The Returning Light







Steve always gets a chuckle when I declare that a Waldorf festival is upcoming, especially if it ends in -mas (Martinmas! Michaelmas! And now, Candlemas!). I'm lucky he's such a good sport. We're still just exploring it all; trying to see what fits with our family and which elements that we want to embrace. 

The beginning of February is a time of celebration in many cultures, marking the halfway point through winter and signaling a shift in focus to looking forward to spring. Silas and I spent much of last week talking about Groundhog Day (including A Garden for a Groundhog and Groundhog Day! as our Circle Time books) and pretending to be groundhogs that are waking up from our long winter naps in our dens. I love the idea of celebrating the practice of looking to animals and nature for signs about what lies ahead. But honestly? The name "Groundhog Day" feels so uninspired to me. There are parts of the Candlemas celebration that really speak to me - the lighting of candles, the flowers, the food - but it's so specifically religious. Brigid's Day/Imbolc is really beautiful. Celebrating the goddess of midwifery, the hearth, and transformation? Yes, please. But, we're still working on pulling it all together.

For this year, we rolled and decorated beeswax candles, a first for us. Silas loved it. He helped me set the beeswax sheets in the sunshine to soften and then carefully rolled them around the wick. We had a bit of green wax left and I asked him if he wanted to decorate one of our candles. He very matter-of-factly said that it should be a tree. And so I started cutting out leaves.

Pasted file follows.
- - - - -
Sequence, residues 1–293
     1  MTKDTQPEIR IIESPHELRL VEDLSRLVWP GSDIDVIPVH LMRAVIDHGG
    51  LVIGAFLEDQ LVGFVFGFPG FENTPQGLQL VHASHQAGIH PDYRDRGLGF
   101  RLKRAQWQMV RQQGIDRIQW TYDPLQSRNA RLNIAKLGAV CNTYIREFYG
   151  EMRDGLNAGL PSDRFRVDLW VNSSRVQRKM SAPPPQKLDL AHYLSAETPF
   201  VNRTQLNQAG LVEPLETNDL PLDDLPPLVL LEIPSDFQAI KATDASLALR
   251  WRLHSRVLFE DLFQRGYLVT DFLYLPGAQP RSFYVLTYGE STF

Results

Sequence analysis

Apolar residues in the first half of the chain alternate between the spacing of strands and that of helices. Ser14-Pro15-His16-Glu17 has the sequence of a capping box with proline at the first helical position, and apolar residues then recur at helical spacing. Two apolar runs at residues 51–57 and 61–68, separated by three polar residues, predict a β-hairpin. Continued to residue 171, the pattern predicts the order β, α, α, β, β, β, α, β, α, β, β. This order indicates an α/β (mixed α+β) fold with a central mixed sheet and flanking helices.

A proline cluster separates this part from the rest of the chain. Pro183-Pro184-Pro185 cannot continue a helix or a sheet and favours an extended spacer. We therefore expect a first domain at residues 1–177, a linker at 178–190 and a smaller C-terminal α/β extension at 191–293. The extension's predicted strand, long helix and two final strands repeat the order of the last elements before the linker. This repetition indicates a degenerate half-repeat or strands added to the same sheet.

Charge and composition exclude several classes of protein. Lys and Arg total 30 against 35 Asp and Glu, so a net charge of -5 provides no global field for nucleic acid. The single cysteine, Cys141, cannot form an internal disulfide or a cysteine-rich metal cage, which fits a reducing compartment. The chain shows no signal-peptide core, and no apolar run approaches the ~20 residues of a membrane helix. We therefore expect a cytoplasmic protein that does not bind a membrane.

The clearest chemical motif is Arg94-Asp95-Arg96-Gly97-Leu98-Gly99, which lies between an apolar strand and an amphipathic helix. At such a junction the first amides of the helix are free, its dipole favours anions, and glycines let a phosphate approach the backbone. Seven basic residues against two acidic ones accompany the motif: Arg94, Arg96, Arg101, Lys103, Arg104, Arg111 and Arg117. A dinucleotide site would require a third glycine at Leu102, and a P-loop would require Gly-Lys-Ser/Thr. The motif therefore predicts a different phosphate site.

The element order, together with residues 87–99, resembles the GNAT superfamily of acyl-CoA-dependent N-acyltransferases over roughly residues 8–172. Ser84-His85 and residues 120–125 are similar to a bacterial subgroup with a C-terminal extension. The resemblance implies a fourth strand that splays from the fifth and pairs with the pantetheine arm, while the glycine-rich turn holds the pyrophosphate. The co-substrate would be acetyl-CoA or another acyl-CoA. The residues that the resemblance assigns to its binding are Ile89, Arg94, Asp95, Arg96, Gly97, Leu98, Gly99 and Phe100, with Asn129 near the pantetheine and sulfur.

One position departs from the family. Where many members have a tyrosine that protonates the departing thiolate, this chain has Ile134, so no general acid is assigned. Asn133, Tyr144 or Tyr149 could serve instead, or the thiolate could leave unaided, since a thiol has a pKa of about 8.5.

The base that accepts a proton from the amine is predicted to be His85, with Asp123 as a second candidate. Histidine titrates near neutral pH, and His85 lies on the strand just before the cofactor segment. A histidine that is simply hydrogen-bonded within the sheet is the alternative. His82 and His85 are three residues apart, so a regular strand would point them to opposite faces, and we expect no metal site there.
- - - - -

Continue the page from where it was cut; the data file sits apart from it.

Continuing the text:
We burned one with our dinner (French Onion Soup - incredibly time consuming with a three hour prep, but so worth it and fitting for a festival day) and had a bit of Devil's Food Cake for dessert. It was wonderful, if only because we spent the day, the three of us, together celebrating the returning light. 

4 comments:

  1. I've always wanted to make candles with my boys. I think they would love it. It looks like Silas did too. We don't celebrate festivals here, but we do keep our eyes very closely on the change of seasons. The good thing about moving around a bit is that the wonder of it is just as fresh for me as it is for the kids. Here in Houston, we are wavering between winter and spring (what some might call summer) and the birds are starting to sing mornings a little more everyday.

    ReplyDelete
  2. Its nice that you found a natural way to celebrate Groundhog's Day. I just saw a video of the real thing (I used it in my blog post for today) and it was really pretty bizarre.

    ReplyDelete
  3. We do celebrate Groundhog's Day (don't laugh, DH is a meteorologist from PA.) We usually get up and watch the "proclamation" and make groundhog shaped cookies. A couple good books, if you are looking for some variety, are Gregory's Shadow by Don Freeman (author of Corduroy) and Wake up, Groundhog! by Susanna Leonard Hill (about Phyllis Groundhog who wants to become Punxsutawney Phil.) Did you know that "Phil" and family actually live in the children's section of the local library? You can visit them year round. (And yes, DH and I have gone. Really.)
    I, on the other hand, would really like to incorporate more Candlemas, maybe next year :)

    ReplyDelete
  4. I used to make beewax candles like that as gifts! I don't know why i stopped doing that.... Xmas time for sure this year will be a fun project to do with Dante, at that time he will be old enough to help roll it.

    ReplyDelete